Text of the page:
49 U.S.C. § 11903(a) (Supp. V 1981) (emphasis ours). Defendants contend that the deletion of the word rebate from the proscribed means of transferring property for less than the published rate reflects a congressional intention to eliminate rebating from the scope of a section 11903(a) violation.
Despite the deletion of the specific reference to rebating, we find that defendants' conduct is clearly within the prohibition of section 11903(a). Section 11903(a) replaced a specific coverage of the prohibited means of transferring property at less than the published rate with a general proscription against any means. Clarity was the stated reason for the change and there is no evidence of an intent to change the substance or scope of the Act. H.R.Rep. (Judiciary Committee) No. 45-1395, 95th Cong., 2d Sess. (1978) at 5. Accordingly, we find that rebating is still a "means" within the prohibition of section 11903(a).2
Finally, Neubert and Boggs contend that they were acting as brokers when they received the rebate. See 49 U.S.C. § 10102(1) (Supp. V 1981). The Motor Carrier Act of 1980, Pub. L. No. 96-296, 94 Stat. 793 (1980), portended a general relaxation of the regulations governing brokerage activities. See 49 C.F.R. 1045.9(a) (1)-(2) (1980). Regulation 1045.9 was revised and the language prohibiting brokers from receiving rebates where they have an "affiliation" with the shipment, or where they have control "by reason of [their] performance for the shipper," was deleted. The regulation now prohibits brokers from receiving rebates where "(1) The broker owns or has a material beneficial interest in the shipment or (2) The broker is able to exercise control over the shipment because the broker owns the shipment, the shipper owns the broker, or there is common ownership of the two." 49 C.F.R. 1045.9(a) (1)-(2). Contending that a "material beneficial interest" is equivalent to an ownership interest, defendants assert that only an ownership interest in the shipment prevents a broker from receiving a rebate for services. See Jensen v. Federal Maritime Commission, 497 F.2d 1053 (8th Cir. 1974). Because Neubert had no ownership interest in AOT or, therefore, its shipments, defendants contend that their actions are not prohibited by law.
Although recognizing the regulation changes generated by the Motor Carrier Act, the government contends first, that because Truck Services was not a licensed broker, it cannot seek refuge in the regulations governing licensed brokers. Second, the government urges that the revision was made in order to allow brokers to have a pool of shipper and carrier clients among whom they arrange shipments. The government contends that in the instant transaction, the brokerage service was merely a sham operation, designed to accomplish an illegal rebate.
Without addressing the government's first contention, we find that the relaxation in the regulation of brokerage activities in the MCA was not intended to legitimize the situation with which we are presented. By virtue of his employment status, Neubert was the person in control of the routing of AOT's shipments. We find that Neubert's relationship with AOT is such that he is precluded from collecting rebates for the same routing decisions for which he was responsible.3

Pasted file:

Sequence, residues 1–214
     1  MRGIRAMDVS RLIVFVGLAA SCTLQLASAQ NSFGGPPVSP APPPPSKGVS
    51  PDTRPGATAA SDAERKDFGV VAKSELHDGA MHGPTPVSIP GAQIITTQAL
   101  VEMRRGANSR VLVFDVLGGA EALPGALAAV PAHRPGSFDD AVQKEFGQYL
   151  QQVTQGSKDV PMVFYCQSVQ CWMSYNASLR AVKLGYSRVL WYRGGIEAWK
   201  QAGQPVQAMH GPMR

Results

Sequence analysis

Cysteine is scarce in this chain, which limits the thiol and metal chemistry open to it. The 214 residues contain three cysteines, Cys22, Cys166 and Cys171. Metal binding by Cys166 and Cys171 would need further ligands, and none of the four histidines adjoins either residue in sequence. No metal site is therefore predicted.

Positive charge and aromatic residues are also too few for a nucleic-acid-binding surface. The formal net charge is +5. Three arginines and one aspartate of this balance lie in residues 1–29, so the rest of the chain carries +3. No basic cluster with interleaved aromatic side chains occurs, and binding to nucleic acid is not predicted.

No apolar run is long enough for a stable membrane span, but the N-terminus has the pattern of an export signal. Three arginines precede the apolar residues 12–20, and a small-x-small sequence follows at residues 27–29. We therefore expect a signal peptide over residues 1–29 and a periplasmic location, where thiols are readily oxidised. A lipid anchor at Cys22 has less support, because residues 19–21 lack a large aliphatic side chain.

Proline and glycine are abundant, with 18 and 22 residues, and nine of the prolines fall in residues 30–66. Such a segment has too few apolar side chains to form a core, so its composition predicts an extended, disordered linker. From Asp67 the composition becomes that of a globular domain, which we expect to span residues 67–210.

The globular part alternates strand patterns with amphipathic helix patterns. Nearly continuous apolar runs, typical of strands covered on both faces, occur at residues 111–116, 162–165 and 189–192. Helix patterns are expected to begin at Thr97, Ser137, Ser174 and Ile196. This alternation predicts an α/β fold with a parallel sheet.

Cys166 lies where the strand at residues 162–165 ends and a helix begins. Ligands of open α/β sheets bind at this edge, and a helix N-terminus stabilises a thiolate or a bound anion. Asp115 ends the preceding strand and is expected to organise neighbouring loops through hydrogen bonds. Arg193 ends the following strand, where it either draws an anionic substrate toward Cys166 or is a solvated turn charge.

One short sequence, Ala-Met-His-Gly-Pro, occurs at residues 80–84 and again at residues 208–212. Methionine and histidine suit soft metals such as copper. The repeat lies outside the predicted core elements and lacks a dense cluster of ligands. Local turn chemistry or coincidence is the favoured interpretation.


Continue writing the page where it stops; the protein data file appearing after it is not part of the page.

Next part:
For these reasons, we affirm the defendants' conviction under section 11903(a).
The issue of whether C&L was or was not a common carrier was not raised until the Motion to Arrest Judgment. Under Fed. R. Crim. P. 34, a motion to arrest judgment must allege either that the indictment does not charge an offense or that the court was without jurisdiction of the offense charged. The defendants cannot argue either point successfully. Furthermore, assuming, as they how assert, that there was an insufficient factual basis for their conditional pleas of guilty, we deem it significant that the defendants did not file a motion to withdraw their pleas of guilty under Fed. R. Crim. P. 32(d)
Defendants also seek reversal on the ground that if guilty, they should have been charged with a misdemeanor under Sec. 11904(b), which specifically refers to rebates related to motor carrier transportation, rather than Sec. 11903(a), which generally prohibits the transportation of property by any common carrier subject to the jurisdiction of the ICC at less than the published rate. Compare 49 U.S.C. § 11904(b) (Supp. V 1981) with id. Sec. 11903(a). Although the defendants' actions may also be proscribed by another section, the government is not thereby precluded from prosecuting under the provision of its choice. See United States v. Batchelder, 442 U.S. 114, 99 S. Ct. 2198, 60 L. Ed. 2d 755 (1979)
We also reject the defendants' reliance on the changes instigated by the Motor Carrier Act of 1980, Pub. L. No. 96-296, 94 Stat. 793 (1980). The MCA did markedly relax the restrictions placed on the trucking industry; however, the Act left Sec. 11903(a) intact.
We find no support in the briefs or record for Boggs' contention at oral argument that he had no knowledge of Neubert's connection to Truck Services because Mr. Farrell had handled the transaction at issue here